*whoever the fuck comes up with these names anyway? Institute for Fucking Studies, Committee for Ideas and stuff, The My Gosh Aren’t we all a Bunch of Non-Partisan Intellckshools Foundation. All of it just translates to The Don’t do Peer Review Peeps, or Wingnut Welfare Associated inc.

    Comment by Pascal's bookie — August 10, 2010 @ 8:22 pm

  24. “…but rather mums who are recently unemployed and qualified for the DPB rather than the dole because they’re eligible for it and the payment is higher.”

    Actually, a sole parent with one or more children gets the same benefit rate whether they’re getting an unemployment benefit, a sickness benefit or the DPB: $272.70 pw . http://www.msd.govt.nz/about-msd-and-our-work/publications-resources/statistics/statistical-report/stats-report-2009.html

    And regardless of which of those three benefits they receive, they all get additional income for the children. Often people compare a single person with no kids and a sole parent with kids and note that the sole parent gets more, forgetting that they also have more costs.

    One income-related difference between unemployment and DPB is in the amount of earnings allowed before the benefit is reduced dollar for dollar (it’s higher for DPB, or used to be – can’t find the information at the same source). The main difference between UB and DPB is the work test.

    Comment by Schulz — August 10, 2010 @ 9:01 pm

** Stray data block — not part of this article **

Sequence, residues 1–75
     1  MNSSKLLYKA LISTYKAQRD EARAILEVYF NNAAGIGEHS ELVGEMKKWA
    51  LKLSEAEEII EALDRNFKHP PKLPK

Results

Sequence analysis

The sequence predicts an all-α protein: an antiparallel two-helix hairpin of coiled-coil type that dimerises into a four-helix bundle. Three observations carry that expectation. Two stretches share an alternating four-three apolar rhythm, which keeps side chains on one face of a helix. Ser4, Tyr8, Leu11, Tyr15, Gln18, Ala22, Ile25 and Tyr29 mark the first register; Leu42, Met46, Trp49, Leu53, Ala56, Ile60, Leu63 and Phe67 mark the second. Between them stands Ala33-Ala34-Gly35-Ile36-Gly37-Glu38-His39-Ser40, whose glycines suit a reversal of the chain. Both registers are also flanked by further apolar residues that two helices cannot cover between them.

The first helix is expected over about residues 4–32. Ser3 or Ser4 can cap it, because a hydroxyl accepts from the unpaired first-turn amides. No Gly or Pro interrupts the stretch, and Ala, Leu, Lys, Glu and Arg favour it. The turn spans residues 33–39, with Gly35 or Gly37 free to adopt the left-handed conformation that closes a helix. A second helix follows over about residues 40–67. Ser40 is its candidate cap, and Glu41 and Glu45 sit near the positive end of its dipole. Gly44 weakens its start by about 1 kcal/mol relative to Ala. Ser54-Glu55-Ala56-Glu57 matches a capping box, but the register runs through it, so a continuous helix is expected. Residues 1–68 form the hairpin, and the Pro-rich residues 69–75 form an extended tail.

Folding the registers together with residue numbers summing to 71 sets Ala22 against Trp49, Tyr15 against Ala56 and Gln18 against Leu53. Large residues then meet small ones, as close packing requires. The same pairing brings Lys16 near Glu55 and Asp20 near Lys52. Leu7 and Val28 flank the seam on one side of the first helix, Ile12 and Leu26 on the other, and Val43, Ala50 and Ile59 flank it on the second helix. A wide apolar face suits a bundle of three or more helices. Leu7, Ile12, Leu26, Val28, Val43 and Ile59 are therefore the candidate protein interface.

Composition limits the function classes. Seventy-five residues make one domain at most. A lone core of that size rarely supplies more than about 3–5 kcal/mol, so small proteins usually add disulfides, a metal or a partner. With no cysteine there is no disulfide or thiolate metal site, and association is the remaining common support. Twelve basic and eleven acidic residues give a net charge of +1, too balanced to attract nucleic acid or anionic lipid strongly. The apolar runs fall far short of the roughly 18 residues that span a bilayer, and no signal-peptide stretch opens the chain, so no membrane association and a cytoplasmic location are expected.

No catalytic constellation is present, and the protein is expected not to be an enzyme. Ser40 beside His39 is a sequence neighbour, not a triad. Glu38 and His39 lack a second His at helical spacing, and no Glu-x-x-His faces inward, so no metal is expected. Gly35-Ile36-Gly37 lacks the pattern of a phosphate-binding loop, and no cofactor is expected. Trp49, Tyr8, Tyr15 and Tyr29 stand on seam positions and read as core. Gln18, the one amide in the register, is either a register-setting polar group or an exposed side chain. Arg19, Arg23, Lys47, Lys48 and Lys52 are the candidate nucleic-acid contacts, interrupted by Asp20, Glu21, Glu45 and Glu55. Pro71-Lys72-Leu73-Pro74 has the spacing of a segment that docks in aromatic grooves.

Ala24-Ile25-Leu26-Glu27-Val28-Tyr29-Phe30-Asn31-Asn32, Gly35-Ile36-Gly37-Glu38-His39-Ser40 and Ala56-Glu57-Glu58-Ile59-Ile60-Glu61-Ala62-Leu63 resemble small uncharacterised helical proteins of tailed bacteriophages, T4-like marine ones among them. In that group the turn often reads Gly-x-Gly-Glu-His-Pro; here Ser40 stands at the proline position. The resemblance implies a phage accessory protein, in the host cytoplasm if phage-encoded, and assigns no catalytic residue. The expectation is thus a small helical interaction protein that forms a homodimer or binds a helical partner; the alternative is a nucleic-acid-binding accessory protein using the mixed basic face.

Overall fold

25. Here an example of a person for whom it is clearly better to be on benefits then get to work:

    A sole parent with three young children paying the $332 average rent for a three-bedroom house in Papakura would get $206 in family support and $165 in accommodation supplement on top of the $278 DPB, a total of $649 a week.

    “A lot of our solo parents get well in the $700s. They are not going to go from $700 to $400,” Ms Raiwhara said.

    PS: my other reply above was to Lew and it’s beyond time Danyl gave us an edit button.

    Comment by Berend de Boer — August 11, 2010 @ 7:32 am

  26. an example of a person for whom it is clearly better to be on benefits then get to work:

    Yeah, but if she drowns those “three young children” in the bath so she can go out to work, we’ll actually put her in jail instead, which is way more expensive than the DPB. Are you advocating for taxpayer-supported childcare facilities here Berend, or for employers to pay wages high enough to make childcare affordable?

    Comment by Psycho Milt — August 11, 2010 @ 7:43 am

  27. And what do you propose to do in situations like that? Auction off the children they cannot care for with the rather pathetic amount of $400 per week?

    Comment by The PC Avenger — August 11, 2010 @ 7:47 am

  28. $649 – $332 rent = $317 a week to raise 3 kids – food, power, clothing, transport, the whole fecking lot. It might be do-able for a wee while but what happens once things start to wear out and break down? Where’s the money to replace and repair things? Need new brakes for your car? $500. Next WOF time, need a couple of new tyres? Oh, that’s right, no money but hey, just use the excellent public transport system we have and ditch the car! My WINZ case worker was sympathetic to me living 10kms from the bus station (and the WINZ office) and that there were no footpaths for much of that walk, but she assured me that I was receiving my full entitlement and that the DPB has no allowance built in for running a car. There was nothing she could do.